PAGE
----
IELTS Speaking Parts
The IELTS Speaking test consists of three parts, each designed to evaluate different aspects of a test taker’s English speaking ability:
Part 1: Introduction and Interview (4-5 minutes)
In this part, the examiner introduces themselves and asks the test-taker to introduce themselves and answer general questions about their life, work/study, hobbies, and interests. This part is designed to evaluate the test-taker’s ability to communicate basic personal information and engage in small talk.
Example Part 1:
Examiner: Good morning/afternoon. Can you tell me your full name, please?
Test-taker: Yes, my name is John Smith.
Examiner: Thank you, John. Can you tell me a little bit about yourself?
Test-taker: Sure. I’m from Australia, and I work as a graphic designer. In my free time, I enjoy playing guitar and going for hikes in the mountains.
Examiner: That’s interesting. What kind of music do you like to play on guitar?
Test-taker: Mostly rock and blues. I’m a big fan of Jimi Hendrix and Eric Clapton.
Part 2: Cue Card/Individual Long Turn (3-4 minutes)
In this part, the test-taker is given a cue card with a topic and is asked to speak on that topic for two minutes. The topic may be related to personal experience, opinions, or general knowledge. The test-taker has one minute to prepare their response before speaking. This part is designed to evaluate the test-taker’s ability to speak at length on a given topic, organize their thoughts, and convey ideas clearly and coherently.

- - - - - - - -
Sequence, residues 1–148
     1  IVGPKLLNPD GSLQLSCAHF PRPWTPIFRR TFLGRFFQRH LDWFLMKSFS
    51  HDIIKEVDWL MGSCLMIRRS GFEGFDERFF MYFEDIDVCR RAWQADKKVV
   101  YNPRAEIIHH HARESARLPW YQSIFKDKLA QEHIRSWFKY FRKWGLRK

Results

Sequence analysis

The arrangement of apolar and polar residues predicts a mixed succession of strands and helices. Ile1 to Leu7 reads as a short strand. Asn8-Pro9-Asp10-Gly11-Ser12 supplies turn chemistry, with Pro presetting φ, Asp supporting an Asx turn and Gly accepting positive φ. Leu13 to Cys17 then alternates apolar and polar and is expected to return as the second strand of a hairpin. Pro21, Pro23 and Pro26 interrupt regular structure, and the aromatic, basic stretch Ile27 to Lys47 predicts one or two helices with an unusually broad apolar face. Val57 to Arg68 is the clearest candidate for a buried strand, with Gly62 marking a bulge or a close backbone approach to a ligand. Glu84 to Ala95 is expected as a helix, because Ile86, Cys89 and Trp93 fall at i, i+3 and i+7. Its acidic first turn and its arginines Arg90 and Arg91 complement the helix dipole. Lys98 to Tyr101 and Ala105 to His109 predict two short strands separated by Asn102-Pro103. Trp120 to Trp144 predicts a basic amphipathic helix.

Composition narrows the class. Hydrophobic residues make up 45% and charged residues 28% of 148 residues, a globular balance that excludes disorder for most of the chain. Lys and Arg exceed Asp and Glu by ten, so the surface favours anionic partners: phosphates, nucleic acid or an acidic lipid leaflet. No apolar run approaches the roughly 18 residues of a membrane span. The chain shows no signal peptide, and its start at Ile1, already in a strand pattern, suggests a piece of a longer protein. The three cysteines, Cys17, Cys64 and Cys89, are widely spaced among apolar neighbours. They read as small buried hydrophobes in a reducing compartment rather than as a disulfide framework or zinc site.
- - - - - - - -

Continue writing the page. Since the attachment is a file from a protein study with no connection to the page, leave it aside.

Example Part 2:
Examiner: Now, I’d like you to talk about a memorable holiday or trip you have taken. Here is a cue card with the topic on it. You will have one minute to prepare before you begin speaking, and I will tell you when to start and when to stop. Please begin preparing now.
[One minute later]
Examiner: OK, John. Please begin speaking now.
Test-taker: Sure. One of the most memorable trips I’ve taken was to India a few years ago…
[The test-taker continues to speak for two minutes on the topic of their trip to India, describing the places they visited, the experiences they had, and why it was so memorable.]
Part 3: Two-Way Discussion (4-5 minutes)
In this part, the examiner asks follow-up questions related to the topic in part two, as well as more general questions related to the test-taker’s opinions and experiences. This part is designed to evaluate the test-taker’s ability to discuss abstract ideas, express and justify opinions, and engage in a meaningful conversation.
Example Part 3:
Examiner: Thank you, John. Now, I’d like to ask you some follow-up questions related to your trip to Thailand. Can you tell me more about the food you tried there?
Test-taker: Sure. The food in Thailand was amazing. I tried a lot of different dishes, like pad Thai, green curry, and mango sticky rice.
Examiner: That sounds delicious. Did you have any trouble communicating with the locals there, since English is not their first language?
Test-taker: At first, it was a bit challenging, but most people spoke enough English to help us out when we needed it. And we also tried to learn some basic Thai phrases to communicate better.
Examiner: That’s great. And do you think it’s important for people to travel and experience different cultures?
Test-taker: Definitely. I think traveling is a great way to broaden your horizons, learn about different cultures, and gain new perspectives on the world.
Overall, the IELTS Speaking test is designed to evaluate a range of language skills, including fluency, coherence, grammar, vocabulary, and pronunciation, as well as the test-taker’s ability to engage in natural and meaningful communication in English.